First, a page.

New Zealand property owners take neighbour to court over trees blocking Wi-Fi

A High Court judge has ruled a property owner may have to trim their trees to improve their neighbours' Wi-Fi access - but a commentator suspects an underlying motive in the case. 

Kaipara Flats owners Ian and Karen Vickery took their neighbour Christine Thoroughgood to court in August over two disputes they had in regards to trees they wanted trimmed along the two properties' boundary line. 

The Vickerys' first argument was that the untrimmed trees caused undue obstruction to their view. The property owners also noted that the trees caused undue interference with their wireless broadband network. 

After considering the evidence, Justice Sally Fitzgerald said in her ruling that the Vickerys - who were trying to overturn a District Court decision - did not have a strong enough case with their dispute about Wi-Fi interference. 

However, she did accept that "undue interference with a Wi-Fi signal caused by trees could constitute an undue interference with the reasonable use and enjoyment of an applicant's land for the purposes of s 335(1)(vi) of the [Property Law] Act."

Property Institute chief executive Ashley Church says it is difficult to determine who is in the right in these cases, telling The AM Show on Wednesday it really comes down to the judge's view on the matter.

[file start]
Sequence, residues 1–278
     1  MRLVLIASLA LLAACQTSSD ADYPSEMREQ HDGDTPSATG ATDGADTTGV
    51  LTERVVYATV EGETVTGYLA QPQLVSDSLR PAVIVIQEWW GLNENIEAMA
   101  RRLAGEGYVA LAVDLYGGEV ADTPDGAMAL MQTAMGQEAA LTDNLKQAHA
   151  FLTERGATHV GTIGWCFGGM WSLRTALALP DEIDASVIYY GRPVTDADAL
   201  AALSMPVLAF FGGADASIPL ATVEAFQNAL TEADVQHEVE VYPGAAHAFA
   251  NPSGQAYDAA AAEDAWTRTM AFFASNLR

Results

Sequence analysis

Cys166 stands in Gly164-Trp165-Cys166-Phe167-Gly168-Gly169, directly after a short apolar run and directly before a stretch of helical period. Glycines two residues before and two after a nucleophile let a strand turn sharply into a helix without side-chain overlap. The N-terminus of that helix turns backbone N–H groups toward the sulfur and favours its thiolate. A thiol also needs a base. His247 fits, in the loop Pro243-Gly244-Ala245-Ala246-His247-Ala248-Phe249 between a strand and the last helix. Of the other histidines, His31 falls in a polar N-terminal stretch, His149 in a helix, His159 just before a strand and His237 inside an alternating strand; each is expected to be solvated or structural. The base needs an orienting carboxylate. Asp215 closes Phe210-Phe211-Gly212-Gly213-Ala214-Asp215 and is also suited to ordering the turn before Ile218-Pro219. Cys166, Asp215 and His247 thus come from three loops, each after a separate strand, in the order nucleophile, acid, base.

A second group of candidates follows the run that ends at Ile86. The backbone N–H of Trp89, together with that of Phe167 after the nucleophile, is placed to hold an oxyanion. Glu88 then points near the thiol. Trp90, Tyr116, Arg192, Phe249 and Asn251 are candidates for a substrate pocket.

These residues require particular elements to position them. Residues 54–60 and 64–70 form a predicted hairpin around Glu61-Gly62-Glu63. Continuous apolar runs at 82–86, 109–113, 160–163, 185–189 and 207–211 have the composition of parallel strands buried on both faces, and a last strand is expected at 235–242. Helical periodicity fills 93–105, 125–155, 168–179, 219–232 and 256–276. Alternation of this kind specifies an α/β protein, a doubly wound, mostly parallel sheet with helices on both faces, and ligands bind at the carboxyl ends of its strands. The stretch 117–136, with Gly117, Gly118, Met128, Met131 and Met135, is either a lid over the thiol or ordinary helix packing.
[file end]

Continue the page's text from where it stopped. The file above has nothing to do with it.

"In this particular case, if you read between the lines, there were two causes being cited: one of them was around enjoyment of view and the other was around the signal for Wi-Fi. I suspect if you look at this, the first one was probably the real issue," he said. 

Fixed wireless broadband is a necessity for many, and it requires a line-of-sight. Telecommunications providers such as Spark have been pushing the technology for those not in reach of fibre connectivity or as a cheaper alternative. 

But the idea that a property owner can be forced you to trim their trees if they are interfering with Wi-Fi connectivity will be full of "subjectivity," says Mr Church. 

He said it would be difficult to determine what actually "constitutes an unreasonable impeding enjoyment of land versus the private property rights of the owner."

"I would argue, in most of these cases, to go and talk to your neighbour because if you can get mutual agreement that is by far the best outcome," he said. 

"It can be done the quickest, and it is not going to cost you too much money."